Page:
I’ve been involved in a number of discussions about independent sales reps recently. They are a terribly misunderstood and under-appreciated sales channel. Independent sales reps can be a solution to coverage and market access challenges, but only if we leverage them in a way that makes sense.
I see too many organizations making too many mistakes in thinking about this channel. They do just about everything wrong, then complain about the independent rep, without understanding the channel was predestined to failure.
The biggest error I see organizations make is transferring our cost and risk problem to the rep. Many organizations, particularly smaller businesses can’t afford to hire sales people to cover all the territories needed. They figure, “We can get an independent sales agent, paying that person only when a sale has been made.” Others mistakenly think, “Sales can be free until it produces results.” They seek to find an independent sales person, seek exclusivity in their time, that is, the sales person sells for the company full time, but is independent. This is doomed for failure. Independent sales reps are not different than the rest of us, they need to feed their families, they need pay their mortgages and bills. How will they survive if income is deferred months to years.
Think of a complex B2B sales process. It may be six months or longer (even longer if you consider the time to prospect and find qualified opportunities.). It may even be a few months more until they get paid. How do they live during that time? The company that tries to do this is setting themselves and the rep up for failure. The rep that signs up for this is a fool (so you probably don’t want to hire this kind of person).
If you want a “full time, dedicated sales force,” you’ve got to pay for it in some way. Deferring payment until something is sold is not a solution–it just results in deferring revenue, possibly forever. There are lots of solutions to this, either some sort of draw or retainer providing some level of cash flow to the individual, or manufacturers representatives, having complementary lines and services, allocating their time across the lines.
A related problem is the small business ownerr who simply doesn’t want to sell. They try to outsource this “annoyance” to someone else. I may be somewhat limited in my perspective, but I haven’t run across any business that survives without revenue. To get revenue, we need to generate orders, to get orders we need sales. Outsourcing sales because it is an annoyance, it’s something you don’t want to do, it’s distracting; means that you are outsourcing your company’s destiny and future success.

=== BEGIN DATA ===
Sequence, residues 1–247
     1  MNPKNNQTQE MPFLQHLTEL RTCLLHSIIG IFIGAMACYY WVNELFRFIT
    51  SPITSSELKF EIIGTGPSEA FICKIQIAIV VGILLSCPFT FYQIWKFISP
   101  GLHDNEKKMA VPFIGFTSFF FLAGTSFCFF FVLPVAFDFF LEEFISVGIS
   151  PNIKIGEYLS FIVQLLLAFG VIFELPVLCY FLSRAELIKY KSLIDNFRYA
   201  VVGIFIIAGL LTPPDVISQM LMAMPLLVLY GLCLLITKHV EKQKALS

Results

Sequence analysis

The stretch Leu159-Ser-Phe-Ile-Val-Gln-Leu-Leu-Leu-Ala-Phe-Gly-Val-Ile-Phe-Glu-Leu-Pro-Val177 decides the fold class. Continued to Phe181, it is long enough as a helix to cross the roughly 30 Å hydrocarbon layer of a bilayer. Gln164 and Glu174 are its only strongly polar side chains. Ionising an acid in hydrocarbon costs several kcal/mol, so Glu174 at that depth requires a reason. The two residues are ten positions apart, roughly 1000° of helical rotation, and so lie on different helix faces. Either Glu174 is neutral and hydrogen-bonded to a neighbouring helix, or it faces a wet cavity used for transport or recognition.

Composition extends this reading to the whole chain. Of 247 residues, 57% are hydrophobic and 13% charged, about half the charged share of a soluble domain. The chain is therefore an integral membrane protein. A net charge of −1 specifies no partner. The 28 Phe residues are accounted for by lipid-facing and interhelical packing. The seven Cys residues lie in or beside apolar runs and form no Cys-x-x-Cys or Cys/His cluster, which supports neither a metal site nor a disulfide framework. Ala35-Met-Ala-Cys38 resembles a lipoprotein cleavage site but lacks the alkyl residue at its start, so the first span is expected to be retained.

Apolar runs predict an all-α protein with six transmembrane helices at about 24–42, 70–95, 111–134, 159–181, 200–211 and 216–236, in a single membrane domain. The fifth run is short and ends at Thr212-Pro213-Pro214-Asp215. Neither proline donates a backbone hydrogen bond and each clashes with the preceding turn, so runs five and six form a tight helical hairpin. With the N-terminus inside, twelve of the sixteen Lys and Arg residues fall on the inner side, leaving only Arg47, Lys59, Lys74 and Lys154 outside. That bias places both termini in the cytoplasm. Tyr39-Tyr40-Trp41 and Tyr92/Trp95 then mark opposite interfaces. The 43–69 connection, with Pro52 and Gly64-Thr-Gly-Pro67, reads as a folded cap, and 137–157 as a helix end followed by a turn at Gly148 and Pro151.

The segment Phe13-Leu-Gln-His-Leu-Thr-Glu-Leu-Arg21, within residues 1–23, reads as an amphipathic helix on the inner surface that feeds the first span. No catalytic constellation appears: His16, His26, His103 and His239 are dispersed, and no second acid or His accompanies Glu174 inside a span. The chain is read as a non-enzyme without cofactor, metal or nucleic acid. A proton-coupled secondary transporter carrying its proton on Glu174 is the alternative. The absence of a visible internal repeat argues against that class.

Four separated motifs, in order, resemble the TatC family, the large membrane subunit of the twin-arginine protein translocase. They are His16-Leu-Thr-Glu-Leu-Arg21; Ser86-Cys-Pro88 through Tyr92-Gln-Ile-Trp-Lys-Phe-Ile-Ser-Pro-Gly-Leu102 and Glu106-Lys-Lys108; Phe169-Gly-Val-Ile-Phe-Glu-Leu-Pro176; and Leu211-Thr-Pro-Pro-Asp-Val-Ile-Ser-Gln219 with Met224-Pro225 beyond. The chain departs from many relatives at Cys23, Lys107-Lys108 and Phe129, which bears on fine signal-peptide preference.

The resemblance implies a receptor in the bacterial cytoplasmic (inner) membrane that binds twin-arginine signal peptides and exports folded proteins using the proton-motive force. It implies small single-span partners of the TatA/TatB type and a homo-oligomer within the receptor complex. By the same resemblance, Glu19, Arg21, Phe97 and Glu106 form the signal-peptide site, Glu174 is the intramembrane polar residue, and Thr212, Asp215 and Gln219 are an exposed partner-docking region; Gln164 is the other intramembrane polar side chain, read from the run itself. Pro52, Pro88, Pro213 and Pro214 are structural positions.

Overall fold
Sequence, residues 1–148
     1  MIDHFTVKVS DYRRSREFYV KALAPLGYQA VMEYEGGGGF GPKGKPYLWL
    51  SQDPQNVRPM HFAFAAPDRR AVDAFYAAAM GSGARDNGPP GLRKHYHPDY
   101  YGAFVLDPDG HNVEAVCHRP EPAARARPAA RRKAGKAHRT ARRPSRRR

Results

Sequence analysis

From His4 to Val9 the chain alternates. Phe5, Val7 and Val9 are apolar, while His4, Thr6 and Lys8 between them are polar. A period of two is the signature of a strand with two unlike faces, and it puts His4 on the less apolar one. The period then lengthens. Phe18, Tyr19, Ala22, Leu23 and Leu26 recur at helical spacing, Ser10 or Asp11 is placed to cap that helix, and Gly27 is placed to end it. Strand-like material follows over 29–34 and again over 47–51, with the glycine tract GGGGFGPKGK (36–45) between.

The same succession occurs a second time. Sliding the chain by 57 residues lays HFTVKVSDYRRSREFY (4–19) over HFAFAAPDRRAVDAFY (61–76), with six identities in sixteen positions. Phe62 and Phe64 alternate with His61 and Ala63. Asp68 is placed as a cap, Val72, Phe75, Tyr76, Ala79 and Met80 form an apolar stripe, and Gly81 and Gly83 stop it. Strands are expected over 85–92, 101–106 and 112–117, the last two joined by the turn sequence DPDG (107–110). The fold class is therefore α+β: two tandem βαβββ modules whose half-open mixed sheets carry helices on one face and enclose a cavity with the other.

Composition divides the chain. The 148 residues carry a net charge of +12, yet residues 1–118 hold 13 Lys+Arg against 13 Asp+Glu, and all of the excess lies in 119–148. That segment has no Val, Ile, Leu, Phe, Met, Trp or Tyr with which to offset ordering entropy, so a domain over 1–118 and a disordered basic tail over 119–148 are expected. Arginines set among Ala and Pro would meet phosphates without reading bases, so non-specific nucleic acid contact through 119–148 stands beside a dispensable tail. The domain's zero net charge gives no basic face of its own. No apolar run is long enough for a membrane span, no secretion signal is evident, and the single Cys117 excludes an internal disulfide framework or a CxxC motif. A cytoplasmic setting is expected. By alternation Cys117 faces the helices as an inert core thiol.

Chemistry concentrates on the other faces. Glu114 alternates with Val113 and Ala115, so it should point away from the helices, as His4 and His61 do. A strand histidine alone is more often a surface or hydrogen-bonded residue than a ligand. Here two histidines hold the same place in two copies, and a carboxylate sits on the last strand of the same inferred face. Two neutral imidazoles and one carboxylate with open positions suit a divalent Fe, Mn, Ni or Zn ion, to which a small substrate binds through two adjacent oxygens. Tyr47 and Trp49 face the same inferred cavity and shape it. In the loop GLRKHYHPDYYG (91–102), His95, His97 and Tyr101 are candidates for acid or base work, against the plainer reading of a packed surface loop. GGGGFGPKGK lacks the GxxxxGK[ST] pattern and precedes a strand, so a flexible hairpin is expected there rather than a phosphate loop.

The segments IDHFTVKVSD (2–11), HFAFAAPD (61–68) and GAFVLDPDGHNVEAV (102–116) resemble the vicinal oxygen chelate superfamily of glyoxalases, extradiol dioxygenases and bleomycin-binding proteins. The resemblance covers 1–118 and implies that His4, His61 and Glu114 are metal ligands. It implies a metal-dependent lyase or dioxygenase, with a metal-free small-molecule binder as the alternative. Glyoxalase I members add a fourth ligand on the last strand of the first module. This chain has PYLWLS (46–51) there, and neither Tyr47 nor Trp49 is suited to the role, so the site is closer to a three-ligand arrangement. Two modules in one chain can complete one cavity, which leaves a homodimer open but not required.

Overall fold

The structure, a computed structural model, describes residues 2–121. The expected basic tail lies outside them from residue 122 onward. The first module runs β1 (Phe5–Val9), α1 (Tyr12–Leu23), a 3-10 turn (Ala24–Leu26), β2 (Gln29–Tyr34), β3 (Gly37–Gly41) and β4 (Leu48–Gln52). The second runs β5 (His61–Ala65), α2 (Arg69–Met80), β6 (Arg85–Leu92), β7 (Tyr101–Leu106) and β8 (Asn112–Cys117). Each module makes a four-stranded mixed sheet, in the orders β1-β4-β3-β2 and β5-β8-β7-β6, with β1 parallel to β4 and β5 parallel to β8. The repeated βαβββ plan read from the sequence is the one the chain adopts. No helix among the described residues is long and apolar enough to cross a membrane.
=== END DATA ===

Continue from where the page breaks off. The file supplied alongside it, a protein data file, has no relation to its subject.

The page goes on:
Business owners need to invest in the development and execution of their revenue generation strategies. This investment is both time, resources, and money. While they can outsource some of the selling function, they have to be actively engaged in this outsourced channel. They have to make sure the people are executing disciplined sales processes, that they are doing the right things in building and maintaining a funnel. They have to make sure the sales person has the tools, processes, materials, support, and coaching needed to be successful. They have to get engaged in selected selling opportunities.
Making independent sales representatives successful requires investments. Too many organizatoins (large and small) make the mistake of “signing them and forgetting them.” Just like our “own sales people” we need to invest in our independent sales people. We need to train them, provide tools, processes, support, materials. We need to manage, lead, and coach them. We need to manage their performance. We know our own sales people won’t be effective if we don’t make these investments, the independent sales organization is no different.
Some of the very best sales people I have ever met are independent sales people. They can be a terrific channel. They can provide coverage, access to markets, expertise that could be difficult to acquire otherwise. They can provide a more cost effective alternative coverage model than your own direct organization. They can help in cash flow issues (but with some cautions).
Every sales organization should consider independents and manufacturer’s representatives as a great alternative. But for those who are doing it purely from the point of view of not investing in sales or deferring all investments until the sales person gets an order, it’s probably a doomed strategy.